The OECD Development Centre Celebrated Its' 40th Anniversary by Publishing 'The Development Is Back'
The Cold War is over and the often shameful national preferences which drove development co-operation have been abandoned. The question is about how to replace them. From the "Washington Consensus" we have moved on to what could be called the "Monterrey Consensus", though the latter is still emerging and the search for a new paradigm consistent with the idea that no "one size fits all", continues. Concentrating on "development policies", as though they could be in some way different, has led to any number of policy failures. Meanwhile, the OECD countries have demonstrated that there are policy approaches -- peer pressure; good governance; freedom of information; predictable and reliable institutions; the rule of law; and so on that worked for them and that should work for developing countries.
The Development Centre, part of the OECD and close to developing-country decision makers, is in a perfect position to monitor these approaches and their impact on development. To take just one, though important example, democracy cannot survive without good governance and will be destined to fail, discredited.
On its 40th anniversary, the OECD Development Centre is publishing Development is Back, a retrospective and prospective look at the ideas and practice of economic development. There are many valuable lessons for the future in reviewing the development process, its theories and positions, and even the very notion of development. This is especially important at a time when the OECD is itself seeking to place development issues at the top of its agenda and to carry the useful, positive lessons of OECD experience to the developing world.
The book itself is divided into two parts. The first deals with economic policies to promote growth and prosperity in poor countries, whilst the second focuses more on the history of the Development Centre, retracing its main directions through personal accounts. Part one explains the evolution of ideas through advances in economic theory as well as fluctuations in the economic, political and social context. This analysis provides lessons both for developing countries and for actors in international development on the main themes of development policy: sustainable development, poverty and inequality, business, privatisation, trade, investment, finance, public management and civil society. On all these topics, the OECD Development Centre draws on its history and intellectual resources to propose solutions without, however, presuming to provide all the answers.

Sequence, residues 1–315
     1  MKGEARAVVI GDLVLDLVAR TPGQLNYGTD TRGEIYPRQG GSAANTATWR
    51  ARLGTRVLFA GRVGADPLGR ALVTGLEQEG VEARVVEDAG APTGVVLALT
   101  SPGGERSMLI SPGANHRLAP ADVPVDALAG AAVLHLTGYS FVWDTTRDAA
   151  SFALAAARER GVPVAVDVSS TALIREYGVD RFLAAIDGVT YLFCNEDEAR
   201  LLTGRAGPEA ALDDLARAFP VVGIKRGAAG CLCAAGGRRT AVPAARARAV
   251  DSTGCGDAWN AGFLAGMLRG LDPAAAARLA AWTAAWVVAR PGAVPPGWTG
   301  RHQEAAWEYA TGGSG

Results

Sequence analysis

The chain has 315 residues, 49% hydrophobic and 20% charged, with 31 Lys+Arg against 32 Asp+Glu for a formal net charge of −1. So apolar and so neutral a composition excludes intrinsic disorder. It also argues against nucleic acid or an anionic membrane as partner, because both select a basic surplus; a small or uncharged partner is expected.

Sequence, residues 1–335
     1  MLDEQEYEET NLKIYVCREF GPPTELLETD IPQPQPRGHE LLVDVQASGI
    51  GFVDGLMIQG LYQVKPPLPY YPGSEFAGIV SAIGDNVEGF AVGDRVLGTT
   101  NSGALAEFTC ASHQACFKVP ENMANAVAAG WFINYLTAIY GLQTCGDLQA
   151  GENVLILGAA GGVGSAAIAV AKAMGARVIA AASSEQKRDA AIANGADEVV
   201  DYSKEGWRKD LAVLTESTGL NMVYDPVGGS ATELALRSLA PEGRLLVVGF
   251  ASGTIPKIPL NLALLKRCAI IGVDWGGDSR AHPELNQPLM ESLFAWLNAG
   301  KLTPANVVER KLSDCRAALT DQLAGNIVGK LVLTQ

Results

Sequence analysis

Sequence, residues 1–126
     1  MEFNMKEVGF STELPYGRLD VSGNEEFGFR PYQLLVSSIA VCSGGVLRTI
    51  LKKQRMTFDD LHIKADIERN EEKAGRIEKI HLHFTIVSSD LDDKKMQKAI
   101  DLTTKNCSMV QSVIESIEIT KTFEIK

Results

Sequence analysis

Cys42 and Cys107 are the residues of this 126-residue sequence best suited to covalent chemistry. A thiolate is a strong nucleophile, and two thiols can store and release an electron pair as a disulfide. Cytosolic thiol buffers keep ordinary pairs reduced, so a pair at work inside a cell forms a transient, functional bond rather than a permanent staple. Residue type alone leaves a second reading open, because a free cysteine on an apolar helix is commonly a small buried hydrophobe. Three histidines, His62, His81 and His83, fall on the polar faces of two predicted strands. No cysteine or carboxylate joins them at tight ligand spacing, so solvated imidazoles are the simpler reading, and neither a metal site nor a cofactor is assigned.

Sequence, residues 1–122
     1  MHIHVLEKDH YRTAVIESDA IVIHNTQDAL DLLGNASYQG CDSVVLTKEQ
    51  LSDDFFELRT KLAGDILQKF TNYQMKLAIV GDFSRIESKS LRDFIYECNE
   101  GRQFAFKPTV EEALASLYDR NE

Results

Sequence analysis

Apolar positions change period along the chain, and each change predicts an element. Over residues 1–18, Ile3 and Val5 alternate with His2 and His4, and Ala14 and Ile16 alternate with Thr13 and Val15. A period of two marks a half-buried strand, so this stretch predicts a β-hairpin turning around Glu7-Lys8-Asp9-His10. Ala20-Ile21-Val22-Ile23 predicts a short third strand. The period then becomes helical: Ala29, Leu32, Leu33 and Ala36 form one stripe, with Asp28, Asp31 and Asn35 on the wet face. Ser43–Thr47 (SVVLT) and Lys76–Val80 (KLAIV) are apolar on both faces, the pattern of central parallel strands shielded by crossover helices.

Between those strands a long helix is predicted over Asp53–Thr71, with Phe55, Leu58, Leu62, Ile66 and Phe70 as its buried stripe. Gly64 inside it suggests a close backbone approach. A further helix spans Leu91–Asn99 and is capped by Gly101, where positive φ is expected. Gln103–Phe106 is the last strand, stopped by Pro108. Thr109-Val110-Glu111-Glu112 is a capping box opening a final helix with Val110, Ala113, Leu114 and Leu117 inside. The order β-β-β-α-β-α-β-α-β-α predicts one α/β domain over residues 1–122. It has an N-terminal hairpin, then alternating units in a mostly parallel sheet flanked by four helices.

The Centre uses its "intellectual heritage" to seek new solutions to current and emerging problems; reflecting again in order to reflect better; looking back in order to look forward. This is a thoughtful and provocative book which, as its title suggests, brings development back to where it belongs: in centre stage.
"Development Is Back" Available in print (paperback) and electronic format (pdf) 289 pages, OECD, Paris 2002 Euros 30 ISBN 92-64-19891-1
Edited by Jorge Braga de Macedo, Colm Foy and Charles Oman, with the participation of:
Donald J Johnston, Jean-Claude Berthélemy, Jean Bonvin, Maurizio Bussolo, Daniel Cohen, Just Faaland, Kiichiro Fukasaku, Andrea Goldstein, Peter Jankowitsch, Carl Kaysen, Ian Little, Ida Mc Donnell, Angus Maddison, Edmond Malinvaud, Christian Morrisson, David O'Connor, Charles P Oman, Helmut Reisen, Louis Sabourin, Véronique Sauvat, Henri-Bernard Solignac Lecomte, Kimon Valaskakis.